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Austria

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Advanced Motor Fuels in Austria


Drivers and Policies

Transport GHG Emissions Share and Increase
The transport sector, being the strongest emitting sector not covered by the European emissions trading system, emitted about 30% of GHG in 2019. Passenger and freight kilometers increase continuously, which is the main reason why GHG emissions in transport have seen an increase of 76% since 1990. Due to reduced economic activities and lock-down restrictions applied as a result of the COVID-19 virus, a significant drop of 9.2% in GHG emissions in the combined energy and transport sector took place from 2019 to 2020. A significant part of this reduction stems from a -11.2% lower consumption of diesel and a drop of gasoline consumption by 17.1%. Due to the starting economic recovery in 2021, fuel consumption increased by 4.4% for diesel and 5.3% for gasoline, according to a market assessment by the Association of the Mineral Oil Industry (FVMI). Therefore, a lasting change of the long-term tendency due to behavioral changes or structural changes during the pandemic year cannot be identified.

Politics – Recent activities and developments
Austria is committed to carbon neutrality by 2040. This goal requires substantially increased decarbonization efforts across all energy sectors. Especially in the transport sector, a radical turnaround is needed to contribute to the political aim. Austria, therefore, has adopted a number of measures such as a newly designed taxation system, which puts a price on ecologically destructive activities. In 2021, a new taxation system came into force, which introduces a CO2 pricing system with a continuously increasing price path from EUR 30 (USD 34.2) per ton CO2 (2022) up to EUR 55 (USD 62.7) per ton CO2 (2025). From 2026 onwards, an EU-wide CO2 emissions trading system will replace national fixed price rates. In addition, an obligatory procurement of zero-emission vehicles by the public sector is taking effect. Other measures already put in place are an increased NoVA tax and the “Right to Plug.” which alleviates previous legal approval hurdles for the installation of charging stations for apartment owners at their vehicle parking space in a multi-apartment building.

National strategies in the area of transport have been developed, such as the Mobility Master Plan and the corresponding RDI Mobility 2030 Strategy. Complementary strategic plans for Freight Transport and Hydrogen are just being completed. Despite significant efforts, a consistent overarching activity document listing measures, their expected contributions and corresponding KPIs (fully describing the path to climate neutrality in 2040) is not available. An updated Austrian National Energy and Climate Plan reflecting the ambitious European Green Deal targets in the Fit for 55 package (reduction of greenhouse gas emissions by 55% by 2030) might be the nucleus for an aggregation of all planned measures and their expected impact.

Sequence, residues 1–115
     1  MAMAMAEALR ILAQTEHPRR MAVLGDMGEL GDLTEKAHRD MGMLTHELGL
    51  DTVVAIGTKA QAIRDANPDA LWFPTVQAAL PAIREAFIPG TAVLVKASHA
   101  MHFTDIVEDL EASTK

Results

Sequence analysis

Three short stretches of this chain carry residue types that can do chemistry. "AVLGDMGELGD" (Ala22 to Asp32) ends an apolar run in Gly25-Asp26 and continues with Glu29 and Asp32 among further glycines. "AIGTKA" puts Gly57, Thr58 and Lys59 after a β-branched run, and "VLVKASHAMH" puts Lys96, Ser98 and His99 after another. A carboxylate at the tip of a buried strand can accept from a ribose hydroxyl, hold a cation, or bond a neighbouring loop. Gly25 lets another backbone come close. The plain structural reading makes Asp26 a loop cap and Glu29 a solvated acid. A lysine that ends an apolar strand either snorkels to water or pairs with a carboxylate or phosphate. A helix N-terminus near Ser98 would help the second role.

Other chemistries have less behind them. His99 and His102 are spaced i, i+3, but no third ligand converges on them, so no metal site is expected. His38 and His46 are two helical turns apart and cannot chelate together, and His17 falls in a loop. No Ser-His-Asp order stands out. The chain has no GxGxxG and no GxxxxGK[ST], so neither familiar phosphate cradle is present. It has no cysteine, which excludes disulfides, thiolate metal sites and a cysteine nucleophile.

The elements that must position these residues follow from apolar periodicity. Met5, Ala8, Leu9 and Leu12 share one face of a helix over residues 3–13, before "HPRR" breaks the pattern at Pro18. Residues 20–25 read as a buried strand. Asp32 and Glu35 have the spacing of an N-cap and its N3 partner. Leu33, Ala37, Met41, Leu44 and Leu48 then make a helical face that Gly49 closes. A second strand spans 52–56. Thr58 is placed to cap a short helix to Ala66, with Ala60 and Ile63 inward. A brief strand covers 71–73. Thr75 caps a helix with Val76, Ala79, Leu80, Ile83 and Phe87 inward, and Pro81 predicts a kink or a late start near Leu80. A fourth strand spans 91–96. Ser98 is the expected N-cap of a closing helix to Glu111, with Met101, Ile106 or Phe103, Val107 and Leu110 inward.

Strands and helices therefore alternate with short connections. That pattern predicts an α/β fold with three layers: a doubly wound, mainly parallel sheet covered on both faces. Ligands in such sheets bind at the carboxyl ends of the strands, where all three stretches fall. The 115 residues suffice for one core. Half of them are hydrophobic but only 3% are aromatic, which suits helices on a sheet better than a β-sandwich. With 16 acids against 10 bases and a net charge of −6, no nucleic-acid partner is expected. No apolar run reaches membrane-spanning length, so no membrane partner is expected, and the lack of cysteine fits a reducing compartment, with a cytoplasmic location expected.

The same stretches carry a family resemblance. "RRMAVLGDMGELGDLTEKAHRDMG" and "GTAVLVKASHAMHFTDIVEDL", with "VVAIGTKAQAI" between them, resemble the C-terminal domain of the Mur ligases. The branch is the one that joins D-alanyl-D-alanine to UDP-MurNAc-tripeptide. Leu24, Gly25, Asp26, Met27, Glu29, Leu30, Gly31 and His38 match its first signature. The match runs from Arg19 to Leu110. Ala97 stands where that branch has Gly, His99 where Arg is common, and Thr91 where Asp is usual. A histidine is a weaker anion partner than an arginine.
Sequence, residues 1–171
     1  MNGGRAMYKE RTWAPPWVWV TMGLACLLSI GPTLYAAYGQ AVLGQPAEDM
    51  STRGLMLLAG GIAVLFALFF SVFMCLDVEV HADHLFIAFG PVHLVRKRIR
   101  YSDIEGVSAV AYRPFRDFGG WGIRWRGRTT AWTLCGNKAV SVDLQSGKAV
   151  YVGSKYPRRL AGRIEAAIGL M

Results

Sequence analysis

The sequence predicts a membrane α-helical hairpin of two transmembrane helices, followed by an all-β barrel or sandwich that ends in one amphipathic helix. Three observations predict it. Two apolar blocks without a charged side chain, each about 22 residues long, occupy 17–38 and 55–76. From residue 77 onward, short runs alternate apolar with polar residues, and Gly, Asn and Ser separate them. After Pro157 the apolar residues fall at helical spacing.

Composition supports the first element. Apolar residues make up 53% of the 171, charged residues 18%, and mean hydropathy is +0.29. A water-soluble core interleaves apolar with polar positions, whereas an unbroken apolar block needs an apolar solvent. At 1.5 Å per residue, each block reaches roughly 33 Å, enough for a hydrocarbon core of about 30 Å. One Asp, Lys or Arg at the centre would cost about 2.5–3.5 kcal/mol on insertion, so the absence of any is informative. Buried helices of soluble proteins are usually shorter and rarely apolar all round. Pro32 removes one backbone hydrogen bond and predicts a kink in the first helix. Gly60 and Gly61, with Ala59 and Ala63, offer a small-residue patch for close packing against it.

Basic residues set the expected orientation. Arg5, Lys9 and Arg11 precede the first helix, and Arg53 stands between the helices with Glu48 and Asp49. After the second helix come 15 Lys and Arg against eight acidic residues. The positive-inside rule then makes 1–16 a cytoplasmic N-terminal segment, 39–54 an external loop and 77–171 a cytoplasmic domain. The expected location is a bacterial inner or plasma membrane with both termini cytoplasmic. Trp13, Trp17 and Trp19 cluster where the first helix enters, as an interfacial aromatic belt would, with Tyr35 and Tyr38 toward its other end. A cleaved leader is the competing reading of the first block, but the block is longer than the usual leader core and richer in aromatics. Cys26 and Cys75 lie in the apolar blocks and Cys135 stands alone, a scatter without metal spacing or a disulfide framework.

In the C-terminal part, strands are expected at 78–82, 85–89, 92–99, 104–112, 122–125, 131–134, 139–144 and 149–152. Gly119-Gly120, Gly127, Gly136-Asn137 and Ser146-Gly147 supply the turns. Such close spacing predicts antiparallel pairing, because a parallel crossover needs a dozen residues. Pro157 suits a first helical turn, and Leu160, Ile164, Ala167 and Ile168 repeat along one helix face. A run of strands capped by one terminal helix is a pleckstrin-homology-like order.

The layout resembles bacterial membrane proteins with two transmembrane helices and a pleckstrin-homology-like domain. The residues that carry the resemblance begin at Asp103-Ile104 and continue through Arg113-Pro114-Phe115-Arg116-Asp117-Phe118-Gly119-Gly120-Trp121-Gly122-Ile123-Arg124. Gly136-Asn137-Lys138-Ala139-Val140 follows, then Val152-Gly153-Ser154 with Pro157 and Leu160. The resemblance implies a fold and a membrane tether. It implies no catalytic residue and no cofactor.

Austrian Integrated National Energy and Climate Plan (NECP)
The integrated NECP is a planning and monitoring instrument of the EU and its Member States. It is intended to contribute to improved coordination of European energy and climate policy and is the central instrument for implementing the EU’s renewable energy and energy efficiency targets for 2030. For Austria, the NECP main instruments are (1) to increase the share of renewable energy sources in the fuel sector, whereby in Austria the biogenic share in relation to the energy content of diesel is about 6.3%, and for petrol currently about 3.4%, and (2) the Normverbrauchsabgabe (NoVA) tax, in which a bonus/penalty system for CO2 emissions is levied when passenger cars are first placed on the domestic market (new car purchase or private import), which provides incentives to purchase vehicles with low CO2 emissions.

Taxes and Incentives
Starting in July 2008, the NoVA tax was introduced for taxing the acquisition of new vehicles. As of March 2014, new cars that emit less than 87 g of CO2/km are exempt from NoVA. Further reduction steps of 5 g of CO2/km per year are planned until 2024. Each additional gram results in a financial penalty of EUR 80 (USD 91) on the purchase price of a passenger vehicle. Pure biofuels are exempt from the mineral oil tax. CNG is exempt from the mineral oil tax as well but is subject to the lower natural gas tax.

Advanced Motor Fuels Statistics

Fleet Distribution and Number of Vehicles in Austria
According to provisional figures, for the second time in history, the total fleet of motor vehicles registered in Austria passed seven million, with 7.21 million registered motor vehicles. That is an increase by 1.64% or 116,156 vehicles compared to 2020. Passenger vehicles, the most numerous type of vehicle (share: 71.2%), showed an increase by 0.8% to 5.13 million vehicles (Table 1).

Fleet numbers indicate a continuous trend toward advanced alternative propulsion systems, especially toward BEVs and HEVs (Figure 1). For instance, there were 76,539 BEVs and 107,111 HEVs in Austria in 2021, which shows a continuing positive trend from previous years, and which follows an exponential trajectory. The number of vehicles powered by compressed natural gas (CNG) and liquefied petroleum gas (LPG), including bivalent ones, shows a stable, but very moderate fleet level of 5,787 vehicles (2020: 6,063). There is a continuing slow decrease of bivalent vehicles to 3,132 (2020: 3,308; 2019: 3,474) while the CNG vehicles fleet stays stable with 2,654 (2020: 2,753; 2019: 2,602). With 55 (2020: 45) vehicles, the fuel cell electric vehicle (FCEV) fleet is still negligible.

Table 1.    Austrian Fleet Distribution of Passenger Vehicles by Drivetrain, 2016–2021

Drivetrain

2016

2017

2018

2019

2020

2021

Gasoline

2,031,816

2,074,442

2,133,473

2,173,772

2,190,388

2,192,128

Diesel

2,749,038

2,770,470

2,776,333

2,772,854

2,762,273

2,717,475

Electric

9,071

14,618

20,831

29,523

44,507

76,539

LPG

1

2

2

2

2

1

CNG

2,456

2,433

2,365

2,602

2,753

2,654

H2

13

19

24

41

45

55

Bivalent gasoline/
ethanol (E85)

6,165

5,992

5,769

5,770

5,190

4,878

Bivalent gasoline/
LPG

341

335

333

330

330

331

Bivalent gasoline/
CNG

2,574

2,773

3,177

3,143

2,978

2,801

Hybrid gasoline/
electric

18,696

26,039

34,086

45,645

68,983

108,978

Hybrid diesel/
electric

1,337

1,455

2,463

6,172

14,378

27,996

Total

4,821,508

4,898,578

4,978,856

5,039,854